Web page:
MarketPro is a very different beast. First off it has 32 tabs in the top menu. This makes it much more difficult to navigate than thinkorswim. It does, however, have more color themes than its rival: three instead of two (the extra one is blue).


Marketpro Review


Like thinkorswim, font sizes on MarketPro can be changed, and layouts can be saved and loaded. There is only one language available, though.

Winner: thinkorswim


Charting


Both software programs have very good charting. On both MarketPro and thinkorswim, it’s possible to detach a graph and blow it up full screen. Both platforms have right-click trading. The drop-down menu on MarketPro has more links.

MarketPro and thinkorswim have lots of technical indicators. On MarketPro, we counted roughly 100. thinkorswim has more than 300. It’s possible to edit colors of indicators on both platforms.


Marketpro Charting


thinkorswim has 11 display styles, with monkey bars and candle trend being two options. MarketPro delivers 13 choices, with point and figure being one. Each platform has over 20 drawing tools.





One really important difference between the two programs in this category that we found to affect the trading experience is in order entry. MarketPro doesn’t have a trade ticket on the charting screen when a chart is shown in full-screen mode. This means you have to go back to the default program screen where the order ticket is shown. On thinkorswim, by comparison, a trade ticket appears at the bottom of the charting screen, so you can stay on the charting screen and submit an order.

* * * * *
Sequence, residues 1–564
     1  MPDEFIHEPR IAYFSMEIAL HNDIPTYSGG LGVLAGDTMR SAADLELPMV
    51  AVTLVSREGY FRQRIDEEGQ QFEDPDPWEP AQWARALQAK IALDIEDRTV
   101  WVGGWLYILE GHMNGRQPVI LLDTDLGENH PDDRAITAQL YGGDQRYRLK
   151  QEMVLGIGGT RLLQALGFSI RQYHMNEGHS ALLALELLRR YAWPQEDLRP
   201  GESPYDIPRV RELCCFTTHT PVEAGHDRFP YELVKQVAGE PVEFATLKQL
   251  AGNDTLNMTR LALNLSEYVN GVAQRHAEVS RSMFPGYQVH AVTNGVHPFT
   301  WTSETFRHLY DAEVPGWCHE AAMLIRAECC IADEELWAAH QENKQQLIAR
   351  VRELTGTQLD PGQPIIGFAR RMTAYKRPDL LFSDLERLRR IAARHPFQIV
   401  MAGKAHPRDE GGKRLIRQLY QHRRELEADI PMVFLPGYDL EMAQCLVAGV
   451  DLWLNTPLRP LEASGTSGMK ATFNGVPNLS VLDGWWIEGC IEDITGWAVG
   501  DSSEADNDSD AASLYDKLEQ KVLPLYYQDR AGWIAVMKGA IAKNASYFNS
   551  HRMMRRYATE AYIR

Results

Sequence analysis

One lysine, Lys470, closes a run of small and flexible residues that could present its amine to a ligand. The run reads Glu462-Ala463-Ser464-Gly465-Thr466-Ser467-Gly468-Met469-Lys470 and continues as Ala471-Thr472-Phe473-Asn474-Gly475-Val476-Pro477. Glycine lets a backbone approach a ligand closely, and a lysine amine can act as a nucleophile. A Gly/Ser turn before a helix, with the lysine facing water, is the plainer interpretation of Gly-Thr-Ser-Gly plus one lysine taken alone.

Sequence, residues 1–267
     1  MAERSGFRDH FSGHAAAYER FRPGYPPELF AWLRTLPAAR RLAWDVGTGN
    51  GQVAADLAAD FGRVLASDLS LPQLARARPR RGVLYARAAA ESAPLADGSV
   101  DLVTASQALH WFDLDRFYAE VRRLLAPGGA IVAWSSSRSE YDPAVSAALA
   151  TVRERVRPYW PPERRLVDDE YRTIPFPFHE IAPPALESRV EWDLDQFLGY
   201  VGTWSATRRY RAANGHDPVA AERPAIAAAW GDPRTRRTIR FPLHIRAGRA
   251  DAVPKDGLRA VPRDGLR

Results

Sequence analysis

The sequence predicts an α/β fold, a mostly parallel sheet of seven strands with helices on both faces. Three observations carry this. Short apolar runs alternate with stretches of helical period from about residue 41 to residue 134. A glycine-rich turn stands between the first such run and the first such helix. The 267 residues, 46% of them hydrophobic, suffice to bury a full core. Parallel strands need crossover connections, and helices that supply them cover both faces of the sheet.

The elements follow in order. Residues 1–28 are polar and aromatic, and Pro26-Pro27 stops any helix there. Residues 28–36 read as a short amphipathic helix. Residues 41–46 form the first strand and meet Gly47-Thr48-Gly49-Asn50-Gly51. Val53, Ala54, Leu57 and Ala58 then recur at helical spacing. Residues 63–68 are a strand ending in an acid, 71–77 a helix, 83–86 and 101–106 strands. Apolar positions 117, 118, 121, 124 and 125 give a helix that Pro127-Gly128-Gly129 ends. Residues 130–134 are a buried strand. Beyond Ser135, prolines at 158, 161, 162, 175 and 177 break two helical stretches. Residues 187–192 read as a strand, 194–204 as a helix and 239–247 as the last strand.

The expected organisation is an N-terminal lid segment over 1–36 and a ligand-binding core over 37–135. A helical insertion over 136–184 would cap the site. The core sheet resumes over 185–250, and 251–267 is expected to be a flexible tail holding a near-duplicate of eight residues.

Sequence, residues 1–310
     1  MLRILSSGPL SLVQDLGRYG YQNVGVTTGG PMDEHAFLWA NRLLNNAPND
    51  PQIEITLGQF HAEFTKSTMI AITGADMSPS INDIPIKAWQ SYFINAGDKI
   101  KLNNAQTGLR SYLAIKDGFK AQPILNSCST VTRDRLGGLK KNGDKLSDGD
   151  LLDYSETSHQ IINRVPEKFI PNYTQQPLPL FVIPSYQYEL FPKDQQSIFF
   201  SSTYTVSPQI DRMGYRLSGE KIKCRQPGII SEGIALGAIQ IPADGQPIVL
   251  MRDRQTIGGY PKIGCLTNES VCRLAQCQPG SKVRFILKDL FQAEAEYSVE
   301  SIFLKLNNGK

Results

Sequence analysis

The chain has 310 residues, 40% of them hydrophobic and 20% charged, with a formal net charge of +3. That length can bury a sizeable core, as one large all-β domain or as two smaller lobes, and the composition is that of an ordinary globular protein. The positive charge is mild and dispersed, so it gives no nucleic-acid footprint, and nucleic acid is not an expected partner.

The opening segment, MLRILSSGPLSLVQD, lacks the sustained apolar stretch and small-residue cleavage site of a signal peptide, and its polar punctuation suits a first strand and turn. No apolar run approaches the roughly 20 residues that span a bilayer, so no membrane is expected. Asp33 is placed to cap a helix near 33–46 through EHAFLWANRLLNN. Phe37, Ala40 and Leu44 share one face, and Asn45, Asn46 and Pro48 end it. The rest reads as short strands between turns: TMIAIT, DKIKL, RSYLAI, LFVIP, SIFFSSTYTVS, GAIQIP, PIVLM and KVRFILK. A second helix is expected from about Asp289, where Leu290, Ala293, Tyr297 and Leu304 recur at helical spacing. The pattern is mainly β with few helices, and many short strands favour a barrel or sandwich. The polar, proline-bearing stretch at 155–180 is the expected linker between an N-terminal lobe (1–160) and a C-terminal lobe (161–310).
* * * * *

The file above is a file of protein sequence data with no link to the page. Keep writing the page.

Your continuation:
Winner: thinkorswim


Order Entry


Speaking of order entry, the trade ticket on thinkorswim has no less than 18 order types. These include some really advanced ones like blast all, first triggers OCO, and limit on close.


Thinkorswim Charts


A gear icon is located in the upper-right portion of the trade ticket. This opens up lots of customization features. An order can be saved or analyzed. An order can be submitted at a specific date and time, or cancelled at a future point.

A limit order can be locked or unlocked. In unlocked mode, the limit price will adjust with changing market conditions.

Over on MarketPro, we found just 8 order types. Four of these are trailing orders, and the other 4 are some pretty basic stuff like stop and limit. So there aren’t really any advanced trade types on the platform.

There is an extended-hours trading option on both order forms. On the thinkorswim ticket, there is drop-down menu to select a specific venue. MarketPro does not offer direct-access routing, one of its major weaknesses.

On the flip side, the trade ticket on MarketPro can submit orders for mutual funds. This is not possible on thinkorswim.